Lawmakers to Hold Weekend Talks on Averting Budget Change
Senate Majority Leader Harry Reid and Minority Leader Mitch McConnell said they’ll try to reach a deal by tomorrow, likely focusing on a relatively narrow range of issues rather than the full list of tax and spending changes. They face the same partisan mistrust and divides on fiscal policy that have prevented a budget deal for more than two years, compounded by the Dec. 31 deadline and the Jan. 3 start of the next Congress.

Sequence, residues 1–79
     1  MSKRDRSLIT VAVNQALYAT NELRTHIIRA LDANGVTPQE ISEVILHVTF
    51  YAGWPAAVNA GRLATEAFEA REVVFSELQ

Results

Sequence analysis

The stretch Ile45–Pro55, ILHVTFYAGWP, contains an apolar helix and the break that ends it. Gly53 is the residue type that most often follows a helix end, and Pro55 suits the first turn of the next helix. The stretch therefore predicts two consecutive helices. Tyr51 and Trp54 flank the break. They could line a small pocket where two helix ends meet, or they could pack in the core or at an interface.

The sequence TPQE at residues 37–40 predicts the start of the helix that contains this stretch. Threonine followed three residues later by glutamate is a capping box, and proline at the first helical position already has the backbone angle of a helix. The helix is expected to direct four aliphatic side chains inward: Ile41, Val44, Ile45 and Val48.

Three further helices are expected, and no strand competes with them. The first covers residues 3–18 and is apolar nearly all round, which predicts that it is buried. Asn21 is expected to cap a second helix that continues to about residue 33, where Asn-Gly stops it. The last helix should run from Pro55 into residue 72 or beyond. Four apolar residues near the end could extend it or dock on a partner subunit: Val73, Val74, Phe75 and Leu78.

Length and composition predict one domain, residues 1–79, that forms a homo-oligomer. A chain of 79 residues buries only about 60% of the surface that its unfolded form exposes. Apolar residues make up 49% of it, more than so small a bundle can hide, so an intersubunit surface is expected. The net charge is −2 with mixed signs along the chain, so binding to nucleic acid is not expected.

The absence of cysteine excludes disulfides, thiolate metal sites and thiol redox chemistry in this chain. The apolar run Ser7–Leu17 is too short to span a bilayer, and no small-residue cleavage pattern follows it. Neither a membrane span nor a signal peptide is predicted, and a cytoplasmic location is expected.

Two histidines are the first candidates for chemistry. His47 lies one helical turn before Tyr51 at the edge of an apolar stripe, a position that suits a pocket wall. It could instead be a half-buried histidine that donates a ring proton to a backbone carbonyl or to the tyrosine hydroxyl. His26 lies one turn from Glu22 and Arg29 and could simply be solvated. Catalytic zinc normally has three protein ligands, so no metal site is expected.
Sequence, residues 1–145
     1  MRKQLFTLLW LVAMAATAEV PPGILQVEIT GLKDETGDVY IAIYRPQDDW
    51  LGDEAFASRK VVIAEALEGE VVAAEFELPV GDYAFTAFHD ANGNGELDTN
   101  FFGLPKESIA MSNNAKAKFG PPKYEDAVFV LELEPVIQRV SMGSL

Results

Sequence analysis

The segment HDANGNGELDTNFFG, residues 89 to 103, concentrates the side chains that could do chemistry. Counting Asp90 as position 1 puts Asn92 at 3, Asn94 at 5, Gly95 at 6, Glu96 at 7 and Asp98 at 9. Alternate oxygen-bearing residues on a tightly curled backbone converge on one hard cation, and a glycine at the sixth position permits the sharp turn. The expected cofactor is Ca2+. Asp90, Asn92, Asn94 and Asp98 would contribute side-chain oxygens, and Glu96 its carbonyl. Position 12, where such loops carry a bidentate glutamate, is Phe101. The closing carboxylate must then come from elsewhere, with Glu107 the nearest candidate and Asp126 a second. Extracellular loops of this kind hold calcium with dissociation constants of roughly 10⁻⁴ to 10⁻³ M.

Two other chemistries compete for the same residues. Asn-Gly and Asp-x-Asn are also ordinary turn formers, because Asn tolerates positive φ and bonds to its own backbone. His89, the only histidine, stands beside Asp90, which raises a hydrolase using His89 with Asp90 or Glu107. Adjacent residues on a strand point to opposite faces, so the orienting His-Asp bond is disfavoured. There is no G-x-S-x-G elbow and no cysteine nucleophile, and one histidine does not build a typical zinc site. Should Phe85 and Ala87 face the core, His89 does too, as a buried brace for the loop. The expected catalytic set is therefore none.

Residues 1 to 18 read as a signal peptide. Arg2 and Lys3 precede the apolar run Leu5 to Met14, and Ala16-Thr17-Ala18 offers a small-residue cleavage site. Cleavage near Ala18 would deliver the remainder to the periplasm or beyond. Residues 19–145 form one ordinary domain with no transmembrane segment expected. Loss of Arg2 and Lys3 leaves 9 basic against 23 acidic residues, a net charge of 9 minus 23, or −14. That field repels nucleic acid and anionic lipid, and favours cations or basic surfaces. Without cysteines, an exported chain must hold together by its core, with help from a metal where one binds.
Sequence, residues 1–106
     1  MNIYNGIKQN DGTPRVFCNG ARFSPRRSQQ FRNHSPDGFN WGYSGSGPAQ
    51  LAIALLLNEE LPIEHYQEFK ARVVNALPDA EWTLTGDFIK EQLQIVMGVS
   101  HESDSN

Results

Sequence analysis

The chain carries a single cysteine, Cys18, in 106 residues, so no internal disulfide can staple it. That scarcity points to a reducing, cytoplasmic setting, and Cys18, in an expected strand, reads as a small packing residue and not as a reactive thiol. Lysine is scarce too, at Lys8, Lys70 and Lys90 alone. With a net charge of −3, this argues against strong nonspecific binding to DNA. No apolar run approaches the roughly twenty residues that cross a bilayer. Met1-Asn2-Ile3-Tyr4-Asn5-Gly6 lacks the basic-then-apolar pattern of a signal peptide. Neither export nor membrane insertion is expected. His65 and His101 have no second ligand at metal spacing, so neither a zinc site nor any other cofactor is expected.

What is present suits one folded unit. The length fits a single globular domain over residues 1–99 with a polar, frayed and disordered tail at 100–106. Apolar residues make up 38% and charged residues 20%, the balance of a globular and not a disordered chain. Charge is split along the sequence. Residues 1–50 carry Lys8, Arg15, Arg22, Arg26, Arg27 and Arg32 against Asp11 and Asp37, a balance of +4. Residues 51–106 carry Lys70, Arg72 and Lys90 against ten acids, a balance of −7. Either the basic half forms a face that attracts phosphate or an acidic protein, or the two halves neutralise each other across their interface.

“The hour for immediate action is here,” President Barack Obama said yesterday at the White House, declaring himself “modestly optimistic” about a deal and complaining about Congress’s tendency to wait until the last minute to act. “The American people are not going to have any patience for a politically self-inflicted wound to our economy.”
Both sides are positioning themselves to embrace a bipartisan deal as a welcome and rare accord in a polarized government. They’re also trying to demonstrate willingness to compromise so they can blame the other party if talks collapse and the so-called fiscal cliff occurs.